Cari Baylor: Trucking presents women with opportunities, good pay

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“Girls can do anything!” was the sign that hung in the bathroom of my childhood home offering encouragement each morning while I got ready for school.

Starting my professional career in trucking, I was often the only woman in the room, whether in a small conference room or a large event center seating 1,000 attendees. Before a meeting began, I would scan the room for a female ally and find none. I would take a breath and say to myself, “Girls can do anything.”

But today, women are starting to take the wheel in the trucking industry. To encourage more women to choose trucking as their career, the American Trucking Associations has launched the “Women in Motion” program. The goal is to raise awareness of women in the industry and to encourage more women professionals to make a difference in a fulfilling career.

Eleanor Roosevelt said, “The world of the future is in our making. Tomorrow is now.” Strong women are navigating new roads in a rapidly changing trucking industry. I am excited that ATA and its member companies are highlighting the evolvement of our industry by launching “Women in Motion.” The diversity of opportunities exceeds your imagination. My friend Morgan Jackson, director of global destination operations for Walmart, ensures our needed retail goods reach our nation’s ports on time and safely. Laura Bloch, general manager of Paccar Parts, maintains the availability of truck parts to keep America rolling.

In the past, women in the trucking industry might have been invisible but were not invaluable. Today, women are leading and creating dynamic change. Women in this industry can do anything—from driving the big rigs to leading logistics, sales and finance functions.

I love that my job supports our country’s truckers, both male and female, who deliver our nation’s products. Every day presents the opportunity to make a difference by solving a variety of logistical needs, from delivering necessary goods for flood relief to expediting COVID medicines directly to a hospital to ensuring the expedited 50th anniversary gift is delivered on time. Trucking provides the critical link for the nation, as more than 80% of U.S. communities depend solely on trucking for delivery of goods and commodities. The old saying, “If you got it, a truck brought it,” is as true today as ever.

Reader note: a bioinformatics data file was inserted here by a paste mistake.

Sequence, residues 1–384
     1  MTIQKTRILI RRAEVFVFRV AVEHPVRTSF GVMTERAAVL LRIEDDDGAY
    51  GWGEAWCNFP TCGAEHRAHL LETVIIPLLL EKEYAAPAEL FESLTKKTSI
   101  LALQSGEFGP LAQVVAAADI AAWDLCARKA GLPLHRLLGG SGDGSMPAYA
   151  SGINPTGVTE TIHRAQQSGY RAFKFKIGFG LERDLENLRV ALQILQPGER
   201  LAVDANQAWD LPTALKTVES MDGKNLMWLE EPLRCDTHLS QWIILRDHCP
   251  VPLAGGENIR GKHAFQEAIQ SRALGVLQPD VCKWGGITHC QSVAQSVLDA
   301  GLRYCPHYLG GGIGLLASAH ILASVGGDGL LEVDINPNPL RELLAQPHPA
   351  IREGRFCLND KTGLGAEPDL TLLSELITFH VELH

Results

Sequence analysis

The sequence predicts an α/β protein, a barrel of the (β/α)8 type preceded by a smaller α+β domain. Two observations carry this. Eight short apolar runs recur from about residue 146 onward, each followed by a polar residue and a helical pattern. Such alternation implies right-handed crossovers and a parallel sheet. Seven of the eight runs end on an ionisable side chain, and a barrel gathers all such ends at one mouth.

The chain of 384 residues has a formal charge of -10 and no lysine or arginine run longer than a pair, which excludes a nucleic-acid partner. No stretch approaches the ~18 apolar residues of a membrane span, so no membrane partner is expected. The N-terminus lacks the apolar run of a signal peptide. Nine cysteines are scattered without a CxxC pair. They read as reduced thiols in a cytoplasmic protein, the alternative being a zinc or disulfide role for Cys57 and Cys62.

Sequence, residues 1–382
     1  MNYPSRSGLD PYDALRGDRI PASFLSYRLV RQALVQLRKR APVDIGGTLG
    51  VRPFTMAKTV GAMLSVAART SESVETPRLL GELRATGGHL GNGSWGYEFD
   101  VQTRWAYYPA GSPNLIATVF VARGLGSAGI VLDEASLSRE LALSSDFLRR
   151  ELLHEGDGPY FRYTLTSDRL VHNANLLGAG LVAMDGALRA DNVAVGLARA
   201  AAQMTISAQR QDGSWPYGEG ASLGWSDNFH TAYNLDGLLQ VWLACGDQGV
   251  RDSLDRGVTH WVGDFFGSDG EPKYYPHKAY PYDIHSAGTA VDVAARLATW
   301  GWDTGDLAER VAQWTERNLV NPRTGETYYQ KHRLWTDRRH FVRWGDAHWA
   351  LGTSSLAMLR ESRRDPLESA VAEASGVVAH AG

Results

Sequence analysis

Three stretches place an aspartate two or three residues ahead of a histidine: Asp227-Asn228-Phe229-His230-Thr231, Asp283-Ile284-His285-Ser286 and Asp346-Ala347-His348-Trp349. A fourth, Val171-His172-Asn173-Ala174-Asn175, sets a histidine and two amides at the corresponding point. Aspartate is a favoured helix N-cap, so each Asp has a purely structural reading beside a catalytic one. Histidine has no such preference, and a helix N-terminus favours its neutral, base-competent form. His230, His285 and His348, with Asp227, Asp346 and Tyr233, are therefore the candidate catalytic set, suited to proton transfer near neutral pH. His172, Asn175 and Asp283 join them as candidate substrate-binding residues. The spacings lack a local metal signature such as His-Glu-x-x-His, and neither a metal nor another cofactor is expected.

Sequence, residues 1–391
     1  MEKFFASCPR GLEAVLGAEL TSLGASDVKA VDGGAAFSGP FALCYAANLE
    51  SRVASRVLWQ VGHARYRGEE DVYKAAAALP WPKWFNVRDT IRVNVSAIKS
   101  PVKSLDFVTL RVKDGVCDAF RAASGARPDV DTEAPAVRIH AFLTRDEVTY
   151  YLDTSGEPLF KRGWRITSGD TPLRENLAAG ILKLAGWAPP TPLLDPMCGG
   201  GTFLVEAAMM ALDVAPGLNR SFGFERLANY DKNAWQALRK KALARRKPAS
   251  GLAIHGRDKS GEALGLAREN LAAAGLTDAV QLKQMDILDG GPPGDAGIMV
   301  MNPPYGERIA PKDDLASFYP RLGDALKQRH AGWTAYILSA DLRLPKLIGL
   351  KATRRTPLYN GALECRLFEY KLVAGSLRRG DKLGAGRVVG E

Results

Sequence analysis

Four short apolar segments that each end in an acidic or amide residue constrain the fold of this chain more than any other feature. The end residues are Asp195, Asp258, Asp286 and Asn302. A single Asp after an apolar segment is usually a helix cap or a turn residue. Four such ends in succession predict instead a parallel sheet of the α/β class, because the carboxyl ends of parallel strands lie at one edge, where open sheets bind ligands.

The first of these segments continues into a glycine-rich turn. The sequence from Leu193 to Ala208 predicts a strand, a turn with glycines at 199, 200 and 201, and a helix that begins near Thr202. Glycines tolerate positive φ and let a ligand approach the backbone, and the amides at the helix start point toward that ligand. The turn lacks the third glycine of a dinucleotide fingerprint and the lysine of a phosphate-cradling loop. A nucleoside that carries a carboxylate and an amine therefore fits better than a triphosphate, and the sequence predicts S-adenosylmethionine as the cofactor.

Numerous reasons exist for why a woman would want to work in trucking. Jobs are available nationwide; each of the 50 states has at least 1,000 people employed in the trucking industry—offering jobs on the road, in the office or in the shop. The trucking industry provides the opportunity for a balanced life by offering time at home for health and happiness in addition to a fulfilling, financially beneficial career.

The industry offers competitive pay packages, with office wages meeting or exceeding those of other industries. The average annual wage for over-the-road tractor-trailer drivers is more than $40,000, with many drivers making more than $60,000, with the possibility of more than $100,000. With no degree requirements and training requiring less than two months, new drivers have the opportunity to earn higher wages more quickly than in other careers. A commercial driver’s license is required and can be earned by passing a skills test and a knowledge exam. Loans and grants are available to drivers to attend state-certified CDL schools.

For women interested in a dynamic career where each day is different with new paths to navigate, endless growth opportunities and the ability to make a difference for our country and help others, please join us in trucking. It is an incredible job, and I work with great people each day.•


Baylor is president and CEO of Baylor Trucking.

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